Desperation and Detox

Of course we used that night. We drove to East Chicago at around 9:00 at night. On Christmas Eve. We used no matter what. Holidays didn’t matter, hell they didn’t even exist. I have used on every single calendar holiday, that was not a rare occurrence, what was rare, was actually being present on a holiday. Speaking of present, we still had gifts to wrap for when our son woke up in the morning. I had to be sure to save some dope for the following day. Having my son back, and spending these special times with the two of them was a key factor in my drive to remain clean, and despite all the bullshit going on right now, my son was going to have a great Christmas. And believe it or not, he did. We spent the day together as a family, my boy played with all his new toys and we watched movies and ate food. For the time being, it seemed like everything was going to be alright, and it would be, but it first had to get a lot worse. I knew that I had to do something to get clean, I wasn’t going to get clean on my own. I never did. I needed help, plus, I thought it would be in my favor- look good in the court’s eyes if I took some initiative and sought help on my own. Never mind the fact that I had just fled from a problem solving court’s jurisdiction, I had to try and make myself look good. More manipulation. So, starting on Christmas Day, 2014, I called detox treatment centers. Everyday. Like 5 times a day.

Nothing. It is so hard for an addict to get clean on their own. It really is. My county, last I checked, is number 3 in the country, per capita for heroin related deaths. Our Sheriff calls our heroin problem an epidemic. And it is. People are dropping dead left and right. We’ve lost somewhere around 25 this year- 2016 alone. Only Detroit and Baltimore rank higher in this unfortunate category, and guess how many detox centers we have? ZERO! Not a single one. Nothing. It is actually easier to keep using than it is to get clean. “If only someone would do something!” I know, right?

But anyways, so I finally got a hit on a treatment center in Chicago, after 4 days of calling them every 3 hours like instructed, they agreed to take me. I had 3 hours to get there or they were going to give my bed away. I had to pack quickly and hurry to Chicago. And of course, use once more. It’s always one more, and it’s the one more that kills us, constantly. You would think that knowing this would keep me from using right? Well, head knowledge means nothing to an active addict. The only things that matter to an active addict are: money, dope, a cell phone, a good connection, transportation, and the hustle to get more of all of this. It consumes every single fiber of my being all the time. My thoughts, my emotions, my life style. It dictates who my friends are and where i go. If I don’t have dope, I’m not doing anything but trying to get more dope. It’s all consuming. I never lost anything to heroin, I willingly gave it all away. And it was not enough. It always demands more. And more. And more. One is too many and a thousand is never enough.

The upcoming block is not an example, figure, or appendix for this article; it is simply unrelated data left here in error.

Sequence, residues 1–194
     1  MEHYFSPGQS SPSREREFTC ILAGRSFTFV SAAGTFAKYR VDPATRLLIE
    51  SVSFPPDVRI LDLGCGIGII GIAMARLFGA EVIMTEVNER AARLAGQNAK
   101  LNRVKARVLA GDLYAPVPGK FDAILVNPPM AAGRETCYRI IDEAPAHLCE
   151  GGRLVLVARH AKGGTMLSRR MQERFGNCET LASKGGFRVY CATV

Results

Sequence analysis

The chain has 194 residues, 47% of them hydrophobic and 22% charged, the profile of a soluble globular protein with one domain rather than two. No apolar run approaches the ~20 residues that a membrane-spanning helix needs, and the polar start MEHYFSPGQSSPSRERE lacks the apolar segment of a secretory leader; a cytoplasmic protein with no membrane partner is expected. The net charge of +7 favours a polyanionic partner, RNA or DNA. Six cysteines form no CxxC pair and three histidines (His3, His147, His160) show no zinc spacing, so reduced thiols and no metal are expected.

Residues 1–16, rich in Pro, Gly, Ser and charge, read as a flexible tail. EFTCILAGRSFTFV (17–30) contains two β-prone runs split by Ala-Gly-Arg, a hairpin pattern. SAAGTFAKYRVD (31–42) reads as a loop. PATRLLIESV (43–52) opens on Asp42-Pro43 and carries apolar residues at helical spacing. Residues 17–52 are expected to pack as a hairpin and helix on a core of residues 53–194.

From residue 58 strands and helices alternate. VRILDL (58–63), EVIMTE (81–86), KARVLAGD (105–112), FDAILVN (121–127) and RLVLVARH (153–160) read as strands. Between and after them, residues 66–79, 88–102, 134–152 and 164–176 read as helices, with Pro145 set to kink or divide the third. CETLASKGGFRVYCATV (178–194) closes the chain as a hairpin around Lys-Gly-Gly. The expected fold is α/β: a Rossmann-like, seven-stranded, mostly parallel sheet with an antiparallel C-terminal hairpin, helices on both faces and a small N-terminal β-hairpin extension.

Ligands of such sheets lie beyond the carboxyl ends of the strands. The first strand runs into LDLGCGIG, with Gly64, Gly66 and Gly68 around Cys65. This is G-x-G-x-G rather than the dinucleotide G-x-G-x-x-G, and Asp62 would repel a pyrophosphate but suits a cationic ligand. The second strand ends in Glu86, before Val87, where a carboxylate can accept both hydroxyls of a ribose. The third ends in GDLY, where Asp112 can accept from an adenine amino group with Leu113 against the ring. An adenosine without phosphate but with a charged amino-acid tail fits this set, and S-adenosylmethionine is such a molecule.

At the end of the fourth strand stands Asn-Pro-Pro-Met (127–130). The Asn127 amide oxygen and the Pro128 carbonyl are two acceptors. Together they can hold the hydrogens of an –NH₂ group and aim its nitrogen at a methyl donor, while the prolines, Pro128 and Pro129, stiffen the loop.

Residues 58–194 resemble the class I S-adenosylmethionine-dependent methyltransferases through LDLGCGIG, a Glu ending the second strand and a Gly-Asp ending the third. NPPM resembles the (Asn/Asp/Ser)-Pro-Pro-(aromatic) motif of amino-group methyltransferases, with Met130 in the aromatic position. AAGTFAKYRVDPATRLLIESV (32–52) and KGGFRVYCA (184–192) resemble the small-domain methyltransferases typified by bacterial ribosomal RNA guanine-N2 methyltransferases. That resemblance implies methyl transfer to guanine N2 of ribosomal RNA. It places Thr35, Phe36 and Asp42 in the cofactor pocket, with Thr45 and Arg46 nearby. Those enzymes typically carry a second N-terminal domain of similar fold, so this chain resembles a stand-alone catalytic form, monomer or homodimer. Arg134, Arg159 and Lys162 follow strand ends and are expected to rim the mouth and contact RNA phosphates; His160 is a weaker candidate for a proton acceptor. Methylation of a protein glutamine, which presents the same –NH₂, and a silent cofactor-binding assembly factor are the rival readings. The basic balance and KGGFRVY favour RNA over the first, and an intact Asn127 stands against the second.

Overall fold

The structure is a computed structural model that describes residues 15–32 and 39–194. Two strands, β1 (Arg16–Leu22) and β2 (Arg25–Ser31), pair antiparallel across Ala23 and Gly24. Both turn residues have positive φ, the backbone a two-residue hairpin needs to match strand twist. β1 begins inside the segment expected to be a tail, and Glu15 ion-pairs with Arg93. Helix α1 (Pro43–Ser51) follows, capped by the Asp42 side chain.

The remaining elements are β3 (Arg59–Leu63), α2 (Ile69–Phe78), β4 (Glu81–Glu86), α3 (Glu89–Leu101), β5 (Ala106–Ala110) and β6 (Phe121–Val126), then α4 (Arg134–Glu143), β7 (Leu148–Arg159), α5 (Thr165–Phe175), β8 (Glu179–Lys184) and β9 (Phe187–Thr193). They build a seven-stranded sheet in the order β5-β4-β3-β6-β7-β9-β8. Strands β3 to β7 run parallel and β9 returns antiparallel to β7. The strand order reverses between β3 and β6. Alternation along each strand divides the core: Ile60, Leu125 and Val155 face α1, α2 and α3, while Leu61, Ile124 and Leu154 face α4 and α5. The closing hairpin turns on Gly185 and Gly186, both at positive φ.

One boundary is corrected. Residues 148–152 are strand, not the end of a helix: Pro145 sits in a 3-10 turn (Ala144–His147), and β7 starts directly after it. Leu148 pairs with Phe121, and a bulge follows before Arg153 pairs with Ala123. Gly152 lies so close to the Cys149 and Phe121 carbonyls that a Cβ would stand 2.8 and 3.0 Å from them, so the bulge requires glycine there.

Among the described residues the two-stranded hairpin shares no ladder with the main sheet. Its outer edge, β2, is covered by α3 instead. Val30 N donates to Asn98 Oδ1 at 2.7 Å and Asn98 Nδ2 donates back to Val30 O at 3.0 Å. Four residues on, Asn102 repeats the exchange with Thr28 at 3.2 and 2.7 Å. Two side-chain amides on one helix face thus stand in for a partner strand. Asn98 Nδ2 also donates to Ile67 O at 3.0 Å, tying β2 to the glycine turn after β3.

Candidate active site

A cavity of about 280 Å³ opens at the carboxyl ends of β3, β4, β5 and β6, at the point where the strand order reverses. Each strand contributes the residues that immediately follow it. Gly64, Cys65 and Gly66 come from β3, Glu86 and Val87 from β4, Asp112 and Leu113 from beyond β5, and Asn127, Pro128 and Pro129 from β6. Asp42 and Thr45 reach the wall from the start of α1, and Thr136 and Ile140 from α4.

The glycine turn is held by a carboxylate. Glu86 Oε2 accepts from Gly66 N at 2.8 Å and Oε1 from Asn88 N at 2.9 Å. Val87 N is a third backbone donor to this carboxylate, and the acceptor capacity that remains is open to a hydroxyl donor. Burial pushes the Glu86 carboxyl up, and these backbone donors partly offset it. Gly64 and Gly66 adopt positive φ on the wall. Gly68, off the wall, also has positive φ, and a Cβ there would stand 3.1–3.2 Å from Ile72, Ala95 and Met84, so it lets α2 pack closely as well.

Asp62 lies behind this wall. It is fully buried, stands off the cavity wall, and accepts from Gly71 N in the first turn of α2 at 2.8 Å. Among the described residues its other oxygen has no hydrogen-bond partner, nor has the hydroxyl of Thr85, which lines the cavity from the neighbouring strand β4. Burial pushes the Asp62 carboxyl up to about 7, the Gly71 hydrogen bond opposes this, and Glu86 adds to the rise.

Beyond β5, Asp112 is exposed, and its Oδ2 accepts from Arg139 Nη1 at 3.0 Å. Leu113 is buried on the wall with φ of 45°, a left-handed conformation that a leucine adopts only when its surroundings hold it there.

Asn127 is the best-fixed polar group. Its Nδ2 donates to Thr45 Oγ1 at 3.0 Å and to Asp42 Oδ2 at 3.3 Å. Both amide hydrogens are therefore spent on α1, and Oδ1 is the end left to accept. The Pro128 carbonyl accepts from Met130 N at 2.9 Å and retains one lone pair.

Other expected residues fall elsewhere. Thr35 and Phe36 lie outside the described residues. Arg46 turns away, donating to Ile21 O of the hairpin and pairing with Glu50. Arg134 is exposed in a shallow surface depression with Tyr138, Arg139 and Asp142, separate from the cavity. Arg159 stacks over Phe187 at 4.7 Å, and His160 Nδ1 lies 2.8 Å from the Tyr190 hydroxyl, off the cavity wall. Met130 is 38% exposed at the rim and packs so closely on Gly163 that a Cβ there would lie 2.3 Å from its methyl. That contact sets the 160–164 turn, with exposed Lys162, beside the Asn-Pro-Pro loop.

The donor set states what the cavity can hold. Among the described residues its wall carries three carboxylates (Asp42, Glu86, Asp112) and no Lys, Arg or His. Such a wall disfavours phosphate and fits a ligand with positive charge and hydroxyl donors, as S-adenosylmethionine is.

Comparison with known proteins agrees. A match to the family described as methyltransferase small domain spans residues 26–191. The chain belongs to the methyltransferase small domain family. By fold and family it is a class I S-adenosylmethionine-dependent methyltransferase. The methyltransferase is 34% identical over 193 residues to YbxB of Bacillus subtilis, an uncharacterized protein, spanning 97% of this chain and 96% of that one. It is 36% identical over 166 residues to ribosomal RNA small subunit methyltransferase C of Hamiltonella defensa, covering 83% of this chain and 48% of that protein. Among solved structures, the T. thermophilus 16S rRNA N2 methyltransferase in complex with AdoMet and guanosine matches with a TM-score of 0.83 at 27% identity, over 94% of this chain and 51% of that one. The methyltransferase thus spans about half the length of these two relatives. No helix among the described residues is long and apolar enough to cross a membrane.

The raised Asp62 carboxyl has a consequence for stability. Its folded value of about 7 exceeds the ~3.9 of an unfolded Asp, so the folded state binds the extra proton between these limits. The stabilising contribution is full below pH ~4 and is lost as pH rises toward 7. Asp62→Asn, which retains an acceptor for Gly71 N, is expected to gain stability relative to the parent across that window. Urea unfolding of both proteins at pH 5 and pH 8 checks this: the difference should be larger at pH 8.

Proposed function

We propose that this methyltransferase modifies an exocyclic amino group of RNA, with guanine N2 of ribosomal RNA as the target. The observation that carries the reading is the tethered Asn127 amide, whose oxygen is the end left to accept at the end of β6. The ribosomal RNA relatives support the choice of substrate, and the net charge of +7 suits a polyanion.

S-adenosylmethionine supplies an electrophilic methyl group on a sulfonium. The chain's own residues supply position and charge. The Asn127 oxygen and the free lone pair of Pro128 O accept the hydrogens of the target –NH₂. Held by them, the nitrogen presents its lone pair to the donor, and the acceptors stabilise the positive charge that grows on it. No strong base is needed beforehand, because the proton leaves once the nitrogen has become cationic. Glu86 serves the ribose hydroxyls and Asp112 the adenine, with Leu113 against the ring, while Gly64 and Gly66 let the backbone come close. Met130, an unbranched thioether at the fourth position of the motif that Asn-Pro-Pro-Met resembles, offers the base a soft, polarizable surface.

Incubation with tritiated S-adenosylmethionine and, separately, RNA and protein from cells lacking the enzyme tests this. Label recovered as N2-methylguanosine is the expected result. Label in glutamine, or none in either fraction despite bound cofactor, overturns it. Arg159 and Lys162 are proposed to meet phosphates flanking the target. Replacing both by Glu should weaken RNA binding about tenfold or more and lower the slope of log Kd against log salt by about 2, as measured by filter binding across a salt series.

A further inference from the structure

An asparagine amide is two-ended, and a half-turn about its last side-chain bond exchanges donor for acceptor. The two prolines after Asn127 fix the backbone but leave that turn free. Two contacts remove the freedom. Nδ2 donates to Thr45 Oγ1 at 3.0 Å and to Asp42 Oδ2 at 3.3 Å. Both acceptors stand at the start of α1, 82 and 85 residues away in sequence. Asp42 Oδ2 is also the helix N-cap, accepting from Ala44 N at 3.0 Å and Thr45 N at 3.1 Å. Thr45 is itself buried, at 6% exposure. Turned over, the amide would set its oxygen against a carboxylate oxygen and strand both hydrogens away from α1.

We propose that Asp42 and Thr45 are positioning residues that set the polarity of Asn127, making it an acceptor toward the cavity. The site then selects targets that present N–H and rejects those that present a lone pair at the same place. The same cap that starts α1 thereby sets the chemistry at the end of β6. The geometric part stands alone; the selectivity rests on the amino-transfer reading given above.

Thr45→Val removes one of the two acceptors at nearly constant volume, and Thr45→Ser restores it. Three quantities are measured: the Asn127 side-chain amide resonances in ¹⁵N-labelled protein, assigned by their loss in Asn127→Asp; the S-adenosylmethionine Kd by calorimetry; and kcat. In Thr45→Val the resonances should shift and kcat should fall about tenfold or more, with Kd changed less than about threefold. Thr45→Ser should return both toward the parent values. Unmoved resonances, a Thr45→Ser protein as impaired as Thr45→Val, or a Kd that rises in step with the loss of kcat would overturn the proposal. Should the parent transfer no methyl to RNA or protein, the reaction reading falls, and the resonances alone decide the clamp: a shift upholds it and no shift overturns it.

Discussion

So after a brief stop in east Chicago, we made our way to downtown Chicago. I had to check myself in, I needed to get some help. Of course I was late, by like 4 hours because I just couldn’t possibly not do all the dope I had- it had to be all in my system before I checked in. After arguing with them, they let me in anyways. After I called drug court, my family, sponsor, attorney, and counselor to let them know where I was, I was escorted back to be checked in. The next days were a complete blur of suboxone, Trazadone, cigarettes, doctors, shitty sandwiches, and orange juice. This place was like a warehouse concentration camp. One massive room, about half the size of a basketball court, and side by side, maybe an arm’s reach from each other- side to side and head to toe were some twin size beds. All occupied by broken, hollowed out men. This was indeed the bottom, for many of them, not for me- I still had a lot of pain to feel before I hit another bottom. But it was coming. These men were so beside themselves. Junkies. Everywhere. Broken, distraught, skinny and sunken in, dirty, forgotten and alone. Hopeless. This is where hell can actually be felt. And the aftermath of the truest downward spirals can be seen, and touched.

I was about 2 days into my detox, feeling like absolute shit- on very little suboxone and covered in sweat and goosebumps when the staff called me up to the desk.       ” Mr. Herbert, we just got a call from a- Drug Court?- in valparasio Indiana, and they informed us that you have an outstanding felony warrant for them, you are a wanted fugitive out of Indiana, so we are no longer going to be able to treat you, we have to discharge you, right now, go pack up.”



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